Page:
Now he is beaming at me. “I’m really glad to hear you say that. Because I am madly, hopelessly, almost ridiculously in love with you, Sara Susannah Katz. And I know I’m probably breaking all the man-rules by telling you this, but I want to spend the rest of my life with you.”

“Excellent!” I say, beaming.

Oh my God. It’s happening. It’s finally happening. I’m giddy now. “And if I never manage to find a job, I suppose we can be hobos ridiculously in love together, right?”

“Hobos? What do you mean?” He looks bewildered.

“You know. I’m out of work. You’re, you know, a handyman. I guess we could barter our way through life if we had to,” I say. I fear I’ve touched a nerve and try to lighten the mood. “But hey, I could be your handywoman, right? Haha. Um. Ethan, I was just kidding about the hobo thing. I know we’ll be fine.”

“Of course we’ll be fine.” And then Ethan sits me down and proceeds to tell me that he made several million dollars in real estate — sometime between the ashram and becoming a handyman — and is quite certain that money will never be an issue.

“Oh.” I say. I feel stunned. “That’s nice.” Is this really happening?

Tuesday, 10 a.m.
I am sitting in Ethan’s dining room with the employment section of the paper in front of me and there is literally no job for me here. I’m not a nurse or a truck driver and don’t imagine I ever will be. I suppose I could go back to school to get my cosmetology degree. I do like makeup. In fact, I LOVE makeup. I have 15 kinds of concealer and am still in search of the holy grail of mascara. Maybe I should be a makeup artist?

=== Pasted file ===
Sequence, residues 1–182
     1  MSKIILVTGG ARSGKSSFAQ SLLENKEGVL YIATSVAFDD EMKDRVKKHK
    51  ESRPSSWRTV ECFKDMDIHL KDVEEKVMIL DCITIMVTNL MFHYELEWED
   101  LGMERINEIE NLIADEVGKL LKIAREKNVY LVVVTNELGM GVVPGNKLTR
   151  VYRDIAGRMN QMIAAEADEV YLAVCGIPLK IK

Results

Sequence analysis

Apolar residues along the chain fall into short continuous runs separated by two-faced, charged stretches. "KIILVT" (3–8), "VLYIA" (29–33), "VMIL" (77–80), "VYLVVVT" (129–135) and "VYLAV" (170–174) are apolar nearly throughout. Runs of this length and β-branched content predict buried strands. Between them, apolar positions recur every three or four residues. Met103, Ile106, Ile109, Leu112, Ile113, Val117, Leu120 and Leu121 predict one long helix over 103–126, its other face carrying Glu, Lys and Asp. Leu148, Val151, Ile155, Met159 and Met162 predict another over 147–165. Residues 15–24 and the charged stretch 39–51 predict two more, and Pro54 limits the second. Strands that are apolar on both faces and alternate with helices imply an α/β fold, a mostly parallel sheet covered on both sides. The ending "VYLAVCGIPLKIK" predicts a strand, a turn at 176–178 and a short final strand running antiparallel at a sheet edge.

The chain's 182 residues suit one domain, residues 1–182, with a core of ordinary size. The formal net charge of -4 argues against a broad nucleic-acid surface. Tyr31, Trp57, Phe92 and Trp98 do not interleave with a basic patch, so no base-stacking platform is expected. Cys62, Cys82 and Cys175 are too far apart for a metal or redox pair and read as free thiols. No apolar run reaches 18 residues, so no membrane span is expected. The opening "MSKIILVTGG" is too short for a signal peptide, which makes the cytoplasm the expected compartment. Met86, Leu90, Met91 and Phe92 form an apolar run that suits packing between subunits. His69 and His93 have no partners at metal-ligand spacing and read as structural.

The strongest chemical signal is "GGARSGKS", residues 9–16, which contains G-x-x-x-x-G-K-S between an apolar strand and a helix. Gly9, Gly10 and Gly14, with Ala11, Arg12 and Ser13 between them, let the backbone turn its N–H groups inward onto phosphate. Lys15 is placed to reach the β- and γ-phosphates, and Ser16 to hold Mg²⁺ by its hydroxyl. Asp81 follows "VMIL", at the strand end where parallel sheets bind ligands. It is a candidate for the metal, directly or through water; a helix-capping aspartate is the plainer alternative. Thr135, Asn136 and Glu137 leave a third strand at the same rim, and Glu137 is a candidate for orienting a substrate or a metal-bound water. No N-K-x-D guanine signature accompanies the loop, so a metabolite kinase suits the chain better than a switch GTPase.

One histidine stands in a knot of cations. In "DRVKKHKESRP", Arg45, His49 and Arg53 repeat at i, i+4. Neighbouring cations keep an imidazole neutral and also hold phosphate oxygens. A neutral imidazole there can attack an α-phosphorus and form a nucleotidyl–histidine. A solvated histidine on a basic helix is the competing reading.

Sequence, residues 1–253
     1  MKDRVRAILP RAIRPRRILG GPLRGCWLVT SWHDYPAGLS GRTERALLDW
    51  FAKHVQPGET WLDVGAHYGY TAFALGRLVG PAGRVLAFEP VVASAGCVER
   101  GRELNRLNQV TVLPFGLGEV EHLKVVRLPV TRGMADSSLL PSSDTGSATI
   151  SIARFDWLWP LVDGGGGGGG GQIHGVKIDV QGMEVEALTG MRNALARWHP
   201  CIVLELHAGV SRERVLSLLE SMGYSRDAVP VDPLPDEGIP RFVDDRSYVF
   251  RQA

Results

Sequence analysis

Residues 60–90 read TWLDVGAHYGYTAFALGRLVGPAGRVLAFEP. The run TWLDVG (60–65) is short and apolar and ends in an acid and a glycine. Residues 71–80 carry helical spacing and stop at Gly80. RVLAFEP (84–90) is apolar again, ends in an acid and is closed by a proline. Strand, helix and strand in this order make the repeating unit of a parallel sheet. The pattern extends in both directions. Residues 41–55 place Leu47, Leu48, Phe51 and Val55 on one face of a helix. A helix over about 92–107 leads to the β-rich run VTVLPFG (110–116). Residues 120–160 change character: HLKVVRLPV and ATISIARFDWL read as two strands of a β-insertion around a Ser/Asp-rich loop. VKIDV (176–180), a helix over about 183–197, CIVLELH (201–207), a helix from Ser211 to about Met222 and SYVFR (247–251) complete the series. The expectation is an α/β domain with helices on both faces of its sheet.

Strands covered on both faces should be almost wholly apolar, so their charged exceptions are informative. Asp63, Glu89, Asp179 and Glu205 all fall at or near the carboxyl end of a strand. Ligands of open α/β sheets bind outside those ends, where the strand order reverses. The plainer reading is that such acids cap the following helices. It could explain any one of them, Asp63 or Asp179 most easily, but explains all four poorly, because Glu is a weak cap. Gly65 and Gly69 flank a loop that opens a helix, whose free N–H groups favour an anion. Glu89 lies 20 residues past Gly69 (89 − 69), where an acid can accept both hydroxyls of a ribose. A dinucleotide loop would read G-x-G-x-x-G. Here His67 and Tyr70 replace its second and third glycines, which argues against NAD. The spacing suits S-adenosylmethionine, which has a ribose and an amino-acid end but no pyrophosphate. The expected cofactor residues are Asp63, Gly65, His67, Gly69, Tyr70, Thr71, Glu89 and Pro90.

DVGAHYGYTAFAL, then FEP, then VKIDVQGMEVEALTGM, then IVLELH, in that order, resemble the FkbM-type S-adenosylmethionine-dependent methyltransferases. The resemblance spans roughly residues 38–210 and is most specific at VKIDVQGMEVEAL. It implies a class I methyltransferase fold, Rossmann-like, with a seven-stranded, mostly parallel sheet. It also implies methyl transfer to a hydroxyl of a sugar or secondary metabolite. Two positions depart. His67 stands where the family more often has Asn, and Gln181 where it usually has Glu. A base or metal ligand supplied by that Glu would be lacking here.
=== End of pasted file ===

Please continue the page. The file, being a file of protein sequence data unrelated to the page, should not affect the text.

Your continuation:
The last thing Jamie Cale the appraiser said to me before she left my house was this: “Take my advice. Do what you love. I love walking around other people’s houses and I love math. I have the perfect job. You need to figure out what you love and go do it.”

Well, I happen to love to write. So I emailed 43 resumes to 43 different Web sites and included writing samples. How many responses have I received? None. Zilch. Zippo. A big fat zero.

But one way or the other, I am going to find myself a job before my unemployment runs out. I scan the ads again and come across this:

The Westfield Tribune has an open motor delivery route in the Westfield/Smithton area covering 412 customers. Route takes approx. 4-4 1/2 hrs. to complete and is approx. 75 miles total. Earn up to $400/month.

Hey, I have a car. I can wake up early. I’d be home in time to make breakfast for Ethan. This might not be so bad!

As I’m snapping open my cell phone to call the number in the ad, it rings. “Is this Sara Susannah Katz?”

“It is,” I say, hoping it’s not the cable company. (I’m late with this month’s bill.)

“We love your work,” says the voice on the other end of the line.

“What work?”

“Your writing.”

I am talking with the editor-in-chief of an online publication. She says they’re looking for a freelancer to write about the struggles of mid-life women in suburban America. They think I’d be perfect for the job. “So. Are you interested?”

My heart pounding, I ask her: “When do I start?”

Attention, faithful fans of Single in the Suburbs! With this final installment in the series, you have reached the end of Sara’s dating journey. We’d love to hear how the ongoing saga of Sara’s love life has affected you personally. Have you tried online dating yourself? Have you struggled to re-enter the dating world after the end of a long-term relationship? Did Sara’s story encourage you to get out there and date again? Send your thoughts to Your comments and stories may be included in a follow-up article discussing the series’ overall impact and what Sara sees for herself in the future.

Sara Susannah Katz is a writer in the Midwest.